Emalie Appleton Brooks Memorial EndowedScholarship
The scholarship was founded by the friends and family of Emalie Appleton Brooks, an alumna and former English instructor at the University of Memphis, who passed away in 2006. Emalie first taught in the public school system in Memphis after receiving an undergraduate degree at Rhodes. She was dedicated to communicating her love for the beauty of the English language and literature to her students, and she furthered her study of the Romantic poets, Shakespeare and the 19th century English novel at the UofM, where she received a master of arts in 1970.
Emalie had a passion not only for learning but also for exploring ? often traveling to Europe to visit places that figured in literature. Among her favorite places were Stratford-upon-Avon, England, where she saw plays performed by the Royal Shakespeare Company; the Lake District, where she visited the home and grave of her favorite Romantic poet, William Wordsworth; and Florence, Italy, where she toured the apartment of Elizabeth Barrett Browning. She felt that travel deepened her own understanding of language and literature and she shared this with her students.
In the late 1980s, Emalie began teaching at UofM, carrying her passion for learning into the classroom. Cathy Dice, an instructor of English at UofM and a longtime friend, said, “Emalie saw teaching not simply as a job, but as part of her identity. Her dedication to her students was obvious. She believed in challenging them and making sure that they lived up to their responsibilities, but she genuinely wanted them to succeed and was constantly looking for new topics to discuss and new strategies to use in the classroom.” And Emalie’s brother, Thomas Appleton, said, “She was regarded as a superior classroom instructor and mentor.”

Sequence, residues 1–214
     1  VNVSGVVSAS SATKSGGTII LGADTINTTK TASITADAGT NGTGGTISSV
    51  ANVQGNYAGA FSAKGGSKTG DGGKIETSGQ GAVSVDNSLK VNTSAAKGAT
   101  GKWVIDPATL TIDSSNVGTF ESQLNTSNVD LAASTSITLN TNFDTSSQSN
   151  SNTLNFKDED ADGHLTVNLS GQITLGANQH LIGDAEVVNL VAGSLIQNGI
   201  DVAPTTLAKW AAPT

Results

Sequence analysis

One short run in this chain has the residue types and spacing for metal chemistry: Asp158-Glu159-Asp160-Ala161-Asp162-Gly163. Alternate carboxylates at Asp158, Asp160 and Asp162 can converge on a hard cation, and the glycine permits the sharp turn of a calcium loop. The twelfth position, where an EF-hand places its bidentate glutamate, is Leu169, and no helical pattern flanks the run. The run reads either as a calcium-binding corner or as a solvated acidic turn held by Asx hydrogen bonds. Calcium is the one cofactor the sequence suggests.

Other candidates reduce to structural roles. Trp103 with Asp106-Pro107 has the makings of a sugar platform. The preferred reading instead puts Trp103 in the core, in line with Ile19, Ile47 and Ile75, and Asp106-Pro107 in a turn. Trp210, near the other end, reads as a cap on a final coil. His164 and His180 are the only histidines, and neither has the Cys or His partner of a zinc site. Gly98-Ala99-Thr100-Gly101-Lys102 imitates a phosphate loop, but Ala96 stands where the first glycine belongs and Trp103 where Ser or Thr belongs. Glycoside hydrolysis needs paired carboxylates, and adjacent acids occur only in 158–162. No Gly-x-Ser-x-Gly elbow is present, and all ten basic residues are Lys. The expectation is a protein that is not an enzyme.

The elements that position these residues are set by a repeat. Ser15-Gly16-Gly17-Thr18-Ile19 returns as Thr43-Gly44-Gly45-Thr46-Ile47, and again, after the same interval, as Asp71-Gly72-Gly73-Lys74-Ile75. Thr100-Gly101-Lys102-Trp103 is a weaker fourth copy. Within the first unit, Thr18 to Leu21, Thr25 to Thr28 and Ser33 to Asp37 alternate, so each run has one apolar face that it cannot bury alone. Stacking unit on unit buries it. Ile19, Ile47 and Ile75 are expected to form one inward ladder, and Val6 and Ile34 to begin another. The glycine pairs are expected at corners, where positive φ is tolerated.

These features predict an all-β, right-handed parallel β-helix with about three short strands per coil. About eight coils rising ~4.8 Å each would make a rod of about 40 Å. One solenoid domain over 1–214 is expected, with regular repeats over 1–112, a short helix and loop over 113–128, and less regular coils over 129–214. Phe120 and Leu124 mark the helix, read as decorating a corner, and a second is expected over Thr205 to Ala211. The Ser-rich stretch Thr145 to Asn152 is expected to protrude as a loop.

The Emalie Appleton Brooks Memorial Scholarship was established in 2007 to provide an annual award to a junior or senior undergraduate student majoring in English with a minimum GPA of 3.0. This scholarship honors Emalie’s legacy as a talented and beloved teacher and preference is given to those considering a career in teaching.
“Emalie was an amazing individual – she seemed to know something about every topic under the sun,” said Dice. “When we are screening applicants for the scholarship, one of the main qualities we look for is Emalie’s passion for learning and for soaking up as much life as the world has to offer.”